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Public Statements

Letter to Jeffrey Zients, Acting Director of the Office of Management and Budget

Letter

By:
Date:
Location: Washington, DC

U.S. Sens. Sherrod Brown (D-OH) and Rob Portman (R-OH) today urged the Obama Administration to utilize the Harbor Maintenance Trust Fund to begin repairs on Ohio's Lake Erie Harbors. In a letter to Jeffrey D. Zients, acting director of the Office of Management and Budget, Brown and Portman joined 23 senators in calling his attention to language in the recently-passed Highway Bill containing a statement by Congress calling for full use of the trust fund.

"Ohio's ports and harbors are critical for our state's economic health," Brown said. "By utilizing the Harbor Maintenance Trust Fund resources, we can make costly repairs that support Ohio industry and can attract new private investments to our state. We must act now."

"For far too long, Washington has skimmed off Harbor Maintenance Tax funds for purposes unrelated to ports or harbors. These funds are intended for the dredging and maintenance of our ports and harbors, which support millions of jobs across Ohio and our country," said Portman. "With the economy still lagging behind, it is more important than ever to ensure robust commerce at our nation's ports and harbors to grow the economy and create jobs."

Brown is also the original cosponsor of the Harbor Maintenance Act of 2011, a bipartisan bill that would help fund and maintain the nation's harbors, including harbors in Ashtabula, Cleveland, Conneaut, and Toledo.

In Feb. 2012, Brown's staff participated in a meeting with the U.S. Army Corps of Engineers, the Great Lakes Small Harbors Coalition, and other stakeholders to discuss a new report on the state of our navigational infrastructure and funding for dredging and harbor maintenance. The Army Corps report found that recent low water levels have accelerated deterioration in many harbor structures at a time when federal resources are more difficult to acquire.

As a member of the Senate Appropriations Committee, Brown has fought to fully fund the Great Lakes Restoration Initiative (GLRI). The GLRI is an interagency effort to target the most significant problems in the region and jumpstart restoration efforts to protect, maintain, and restore the chemical, biological, and physical integrity of the Great Lakes. GLRI funding has helped support the removal of invasive species and plants in Ohio, funded the Toledo Harbor Sediment Management Plan, and provided resources for a comprehensive monitoring program to assess the nearshore Lake Erie water quality.

Full text of the letter is below.

Mr. Jeffrey D. Zients

Acting Director

Office of Management and Budget

725 17th Street, NW

Washington, DC 20503

Dear Acting Director Zients:

As you develop the budget for fiscal year 2014 (FY2014), we want to call your attention to important provisions in the surface transportation reauthorization act (Public Law 112-141) concerning harbor maintenance.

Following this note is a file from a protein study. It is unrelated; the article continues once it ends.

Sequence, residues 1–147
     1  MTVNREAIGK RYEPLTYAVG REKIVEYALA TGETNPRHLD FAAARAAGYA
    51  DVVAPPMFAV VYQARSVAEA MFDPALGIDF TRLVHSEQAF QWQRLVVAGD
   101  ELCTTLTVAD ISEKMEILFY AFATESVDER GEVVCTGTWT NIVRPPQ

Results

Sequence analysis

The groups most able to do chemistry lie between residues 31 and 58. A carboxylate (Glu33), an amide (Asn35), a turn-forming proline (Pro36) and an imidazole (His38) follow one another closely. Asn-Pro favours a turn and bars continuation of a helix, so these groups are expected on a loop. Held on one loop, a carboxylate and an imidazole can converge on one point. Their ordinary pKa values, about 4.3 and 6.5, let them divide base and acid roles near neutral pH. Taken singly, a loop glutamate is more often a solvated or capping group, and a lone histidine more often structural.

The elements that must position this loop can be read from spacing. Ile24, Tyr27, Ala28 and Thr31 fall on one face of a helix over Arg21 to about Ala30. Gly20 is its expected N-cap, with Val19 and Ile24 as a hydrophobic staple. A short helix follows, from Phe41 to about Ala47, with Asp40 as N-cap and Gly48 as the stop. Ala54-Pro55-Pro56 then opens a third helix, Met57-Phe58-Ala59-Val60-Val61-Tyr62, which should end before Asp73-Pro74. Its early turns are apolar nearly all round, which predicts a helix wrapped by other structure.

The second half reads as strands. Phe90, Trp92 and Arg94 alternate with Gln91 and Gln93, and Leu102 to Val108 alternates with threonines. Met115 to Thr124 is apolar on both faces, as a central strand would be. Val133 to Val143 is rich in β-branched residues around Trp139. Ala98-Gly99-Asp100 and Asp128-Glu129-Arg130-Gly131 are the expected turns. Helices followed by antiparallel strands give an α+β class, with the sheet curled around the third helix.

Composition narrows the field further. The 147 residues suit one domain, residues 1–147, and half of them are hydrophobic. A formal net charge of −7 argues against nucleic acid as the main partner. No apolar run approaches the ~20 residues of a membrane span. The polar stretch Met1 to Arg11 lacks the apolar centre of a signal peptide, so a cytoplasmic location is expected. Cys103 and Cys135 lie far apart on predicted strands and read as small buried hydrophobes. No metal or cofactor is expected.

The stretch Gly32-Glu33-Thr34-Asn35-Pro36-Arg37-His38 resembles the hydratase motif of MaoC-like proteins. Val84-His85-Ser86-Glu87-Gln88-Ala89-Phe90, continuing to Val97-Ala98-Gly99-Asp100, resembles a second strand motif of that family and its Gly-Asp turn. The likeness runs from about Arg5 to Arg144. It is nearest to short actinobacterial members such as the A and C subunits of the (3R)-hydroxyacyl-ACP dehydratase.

Among other things, Section 1536 of the law lays out a clear statement of Congress that "the Administration should request full use of the Harbor Maintenance Trust Fund for operating and maintaining the navigation channels of the United States." At the beginning of FY2014, the balance of the trust fund is estimated to total $8,098,000,000. In stark contrast, over the past few years, the budget requests for operations and maintenance of harbors and ports for which this trust fund is intended to be used has averaged around $800 million. Clearly, the revenues that are collected into the trust fund are not being used for their intended purposes.

Ports and harbors are a critical component of our nation's transportation infrastructure, and regular maintenance is required to ensure their efficient use. Yet, the nearly 1,000 federal ports and harbors have not been adequately maintained by the Army Corps of Engineers due to insufficient budget requests and appropriations. The Army Corps of Engineers has estimated that the so-called top-priority harbors, those that handle about 90 percent of the commercial traffic, are dredged to their authorized depths and widths only 35 percent of the time. Inadequate funding has resulted in channels getting narrower and shallower due to inadequate dredging, which has resulted in ships having to light-load, increasing the cost of shipping, the risk of vessel groundings, collisions, and pollution incidents. This situation is totally unacceptable.

We urge you to include in the budget sufficient funds for operations and maintenance of federal harbors and ports equivalent to the estimated revenues collected into the fund for FY2014. With 13 million jobs and $4 trillion in economic activity dependent on these ports and harbors, we cannot let them fall into further disrepair. Because waterborne transportation is often the least expensive means of transporting vital commodities and goods, maintaining this essential infrastructure bolsters our economic competitiveness and strengthens the economy.

We recognize the fiscal challenges our nation is facing. However, during these times of economic challenge, we can no longer afford to ignore the will of Congress and flout the purpose for which these funds are collected. These waterways are simply too important to our nation's commerce and international competitiveness for this situation to continue. Thank you for your attention to our request, and we look forward to working with you to strengthen our nation's infrastructure and economy.


Sincerely,


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